35+4 weeks – the Cautious Countdown Commences

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So here I am….amazingly still pregnant. If all goes to plan these babies will arrive by C-section on 15th August, just 10 days from now. I’m nervous, grateful and excited all rolled into one. It has been a long, long road to get here.

There’s something about an IVF pregnancy that makes you doubly, trebly, quadrupully anxious. I’m scared of the ‘jinx’. I’ve avoided talking about these babies too much – at least in real life, not on this blog. I’ve been waiting for the next thing to go wrong. I’ve been expecting a big ‘yahh boo’ from the universe in return for getting my hopes up. And yet here we are, nearly at the end. And I’m still worried something will go awry.

I read sad news from fellow blogger The EcoFeminist this morning. I’ve been in her shoes and it is a hateful, angry, lonely place. There’s really nothing anyone can say or do to make it better. ‘Don’t give up’ is not good advice. Quite frankly many people do give up and it’s the right thing to do. Infertility is all consuming; it’s like a black hole of relationships, hope and money. Sometimes there is a happy ending – oftentimes there is not. Obviously I’m glad  we decided to keep trying but I’m not sure how I would have coped with another loss. You put your mental health and happiness on the line every time you have another spin on the wheel of fortune.

So, in a nutshell, this incredible twin pregnancy is a result of:

  • 2 years of ‘trying naturally’ with OPKs
  • 5 back to back cycles of own-egg IVF
  • 1 frozen egg cycle
  • 2 miscarriages
  • 1 donor egg cycle in Spain
  • 1 hideous first trimester of heavy bleeding
  • 1 very short cervix and 1 magical rubber pessary
  • Thousands of £ sterling
  • Many, many hours of tears, terror and hopefulness

And we’re almost there. I will say no more! I don’t want to jinx it (even though ‘jinx’ is a silly, childish concept). I just can’t wait to see these much-wished for babies in my husband’s arms on 15th August. Wish us luck.

 

 

 

 

 

30+4 week update


Well, it’s been rather an eventful week here in the country formerly known as the United Kingdom. Every time you think things can’t get any worse….they do. Today Boris Johnson, one of the chief engineers of this mess, decided he didn’t want to be PM after all and would rather stick to his day job as a bumbling toff comedy baby. Michael Gove (aka the Prince of Darkness), is positioning himself for top job instead. Who knows what will happen tomorrow. Nobody has a plan. It’s like Game of Thrones on acid. I’ve officially retired from reading the news…it’s bad for my blood pressure.

Anyway, the local news (ie, news from my uterus) is pretty good. Twins are merrily kicking away – both are now in a head up, feet down position and unlikely to move much. This would not be good news if I were planning a vaginal birth but it’s fine as they will both be coming out of the sun roof. One is wedged under my ribs a bit, giving me heart burn/acid reflux. Never had this before….it’s nasty and causing me to burp in a rather unladylike manner. Any tips?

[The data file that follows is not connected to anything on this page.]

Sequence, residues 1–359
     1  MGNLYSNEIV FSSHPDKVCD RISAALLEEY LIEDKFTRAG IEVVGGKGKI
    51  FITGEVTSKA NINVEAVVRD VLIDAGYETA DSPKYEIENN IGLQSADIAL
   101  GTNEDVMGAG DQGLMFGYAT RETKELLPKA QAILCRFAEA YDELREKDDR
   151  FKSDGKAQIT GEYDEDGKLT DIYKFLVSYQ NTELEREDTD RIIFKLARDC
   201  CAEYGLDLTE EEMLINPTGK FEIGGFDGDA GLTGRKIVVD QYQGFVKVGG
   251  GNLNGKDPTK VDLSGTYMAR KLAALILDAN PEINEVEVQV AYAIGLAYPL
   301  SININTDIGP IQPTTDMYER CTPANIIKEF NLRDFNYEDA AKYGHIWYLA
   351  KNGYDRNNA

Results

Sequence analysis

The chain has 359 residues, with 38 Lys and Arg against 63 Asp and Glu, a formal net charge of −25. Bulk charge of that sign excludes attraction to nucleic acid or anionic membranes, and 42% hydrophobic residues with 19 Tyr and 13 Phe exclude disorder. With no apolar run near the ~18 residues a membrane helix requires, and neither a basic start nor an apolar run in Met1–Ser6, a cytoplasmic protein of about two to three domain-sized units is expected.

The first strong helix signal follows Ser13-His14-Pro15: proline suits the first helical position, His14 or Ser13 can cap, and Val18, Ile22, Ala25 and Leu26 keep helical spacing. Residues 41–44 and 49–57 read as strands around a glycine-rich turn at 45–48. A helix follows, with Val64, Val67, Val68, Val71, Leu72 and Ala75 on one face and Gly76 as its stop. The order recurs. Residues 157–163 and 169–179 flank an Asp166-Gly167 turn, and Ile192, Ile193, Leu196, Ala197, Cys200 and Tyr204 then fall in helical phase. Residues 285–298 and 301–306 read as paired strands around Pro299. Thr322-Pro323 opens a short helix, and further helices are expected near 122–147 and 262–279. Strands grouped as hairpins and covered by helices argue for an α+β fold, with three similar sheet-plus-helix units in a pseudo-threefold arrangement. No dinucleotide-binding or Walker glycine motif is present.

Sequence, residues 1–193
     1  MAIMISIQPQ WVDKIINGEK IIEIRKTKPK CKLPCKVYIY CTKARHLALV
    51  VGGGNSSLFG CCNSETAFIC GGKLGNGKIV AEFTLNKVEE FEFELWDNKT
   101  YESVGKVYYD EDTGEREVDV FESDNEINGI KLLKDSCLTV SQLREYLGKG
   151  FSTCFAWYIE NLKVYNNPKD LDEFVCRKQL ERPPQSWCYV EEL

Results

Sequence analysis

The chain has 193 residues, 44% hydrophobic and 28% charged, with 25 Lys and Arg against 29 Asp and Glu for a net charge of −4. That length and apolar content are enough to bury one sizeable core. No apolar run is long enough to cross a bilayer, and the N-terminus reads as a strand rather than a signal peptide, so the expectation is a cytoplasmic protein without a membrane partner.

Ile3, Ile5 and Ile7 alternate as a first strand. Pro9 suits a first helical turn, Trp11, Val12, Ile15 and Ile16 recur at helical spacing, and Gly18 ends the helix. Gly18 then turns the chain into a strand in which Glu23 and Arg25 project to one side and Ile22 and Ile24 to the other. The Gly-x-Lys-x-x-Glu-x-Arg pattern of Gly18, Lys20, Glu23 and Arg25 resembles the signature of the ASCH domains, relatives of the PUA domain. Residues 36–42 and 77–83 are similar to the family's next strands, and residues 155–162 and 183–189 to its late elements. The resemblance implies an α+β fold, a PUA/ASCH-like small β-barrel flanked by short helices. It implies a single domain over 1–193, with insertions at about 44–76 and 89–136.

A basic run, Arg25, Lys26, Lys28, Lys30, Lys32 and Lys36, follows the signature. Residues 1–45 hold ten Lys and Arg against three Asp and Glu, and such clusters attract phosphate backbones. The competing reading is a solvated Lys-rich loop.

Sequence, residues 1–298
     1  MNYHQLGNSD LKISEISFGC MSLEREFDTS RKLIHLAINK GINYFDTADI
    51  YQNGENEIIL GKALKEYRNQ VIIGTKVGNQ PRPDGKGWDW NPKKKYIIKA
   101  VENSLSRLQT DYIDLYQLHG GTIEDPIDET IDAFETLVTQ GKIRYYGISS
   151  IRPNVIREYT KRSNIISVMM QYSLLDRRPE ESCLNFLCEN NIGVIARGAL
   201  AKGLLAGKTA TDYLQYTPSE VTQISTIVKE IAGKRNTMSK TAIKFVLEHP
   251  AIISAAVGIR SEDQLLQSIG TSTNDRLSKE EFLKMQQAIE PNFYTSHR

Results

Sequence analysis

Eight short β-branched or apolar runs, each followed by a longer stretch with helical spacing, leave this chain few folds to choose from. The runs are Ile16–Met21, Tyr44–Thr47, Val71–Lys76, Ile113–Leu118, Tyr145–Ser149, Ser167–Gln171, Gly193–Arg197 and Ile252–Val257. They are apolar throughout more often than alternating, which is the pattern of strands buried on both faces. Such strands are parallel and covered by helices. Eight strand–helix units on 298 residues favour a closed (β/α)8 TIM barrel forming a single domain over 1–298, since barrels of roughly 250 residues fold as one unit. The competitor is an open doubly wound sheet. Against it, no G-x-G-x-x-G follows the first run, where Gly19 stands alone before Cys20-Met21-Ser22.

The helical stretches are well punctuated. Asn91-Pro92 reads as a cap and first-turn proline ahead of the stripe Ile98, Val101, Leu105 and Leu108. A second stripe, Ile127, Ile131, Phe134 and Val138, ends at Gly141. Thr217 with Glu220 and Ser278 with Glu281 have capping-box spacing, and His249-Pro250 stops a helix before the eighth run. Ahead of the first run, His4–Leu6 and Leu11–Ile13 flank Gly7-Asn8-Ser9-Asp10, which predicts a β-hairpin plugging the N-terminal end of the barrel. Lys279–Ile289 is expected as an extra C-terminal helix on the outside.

My trusty cervical rubber ring is doing its thing. My cervix is still short – between 19mm and 21mm – but appears to be stable and my FFN (fetal fibronectin number) is low. I’m having a scan every couple of weeks to keep an eye on things but the docs are relatively happy. They don’t really believe in bed rest so I’m going about my normal life, which mainly involves walking rather a lot interspersed by sitting behind a desk.  My cervix and I are both staying positive.

What else? Well – I’m still determined to make it to 37 weeks. Our doc is pretty sure they’ll arrive before then (mainly due to cervix situation). Not yet please! Ive got things to do – husband and I created a pre-baby ‘bucket’ list. We’ve been making the most of our British Museum membership. We went to the IMAX cinema for the first time ever (16 years in London…!). We’re going out for a fancy dinner tomorrow night. I’m booking tickets for the theatre and a concert. We’re seeing friends. And…I’ve got loads of work stuff to sort out. Please stay put for a while kiddos.

28 + 5 weeks – smile for the camera


Got a lovely surprise at the 28 week scan this week – the sonographer flicked the switch to 4D and got a great pic of twin 2 (‘Big Val’) smiling for the camera! Isn’t technology amazing? Isn’t nature amazing for that matter….I have somehow managed to grow this little person inside me for the last 7 months. Anyway, there she is – nose, smile and all. She’s currently horizontal under my ribcage which is apparently a good place for pics.

Twin 1 remains shy and mysterious – we got a blurry pic of her too, see below. She’s head up, bum down, somewhere where my uterus used to be before it got massive:


Anyway it’s very exciting and getting ‘real’ now. 28 weeks is the viability point for twins so Im starting to feel a bit more relaxed about my vertically challenged (ie short) cervix. Hopefully I can keep them cooking until week 37 or thereabouts.

What else is going on? Well, I look like I’m smuggling a national supply of tea and scones for the queen’s birthday under my dress:


I’m still feeling pretty good really. Having spoken with a few other mums to be I’ve decided that I am either A. having it quite easy or B. not a hypochondriac. Maybe a combination of the two. Sleep is a bit of a ball ache (can’t get comfortable and need to pee all the time) and by around 6pm, when leaving the office, I have cankles and sausage feet. Aside from that though – nada. 10 more weeks? Bring it on!

‘Fitmom’ versus ‘slummy mummy’

I found out this week that hashtag ‘#fitmom’ is a thing. Far and wide across Instagram you can find photos of mini bumps, six packs, women working out the morning they give birth, and post pregnancy snaps of ‘bikini ready’ bodies.

#slummymummy is also a thing. You’ll find photos of women shopping in their pyjama bottoms, women drinking wine  and women 6 months post-partum who weigh exactly the same as they did 40 weeks pregnant.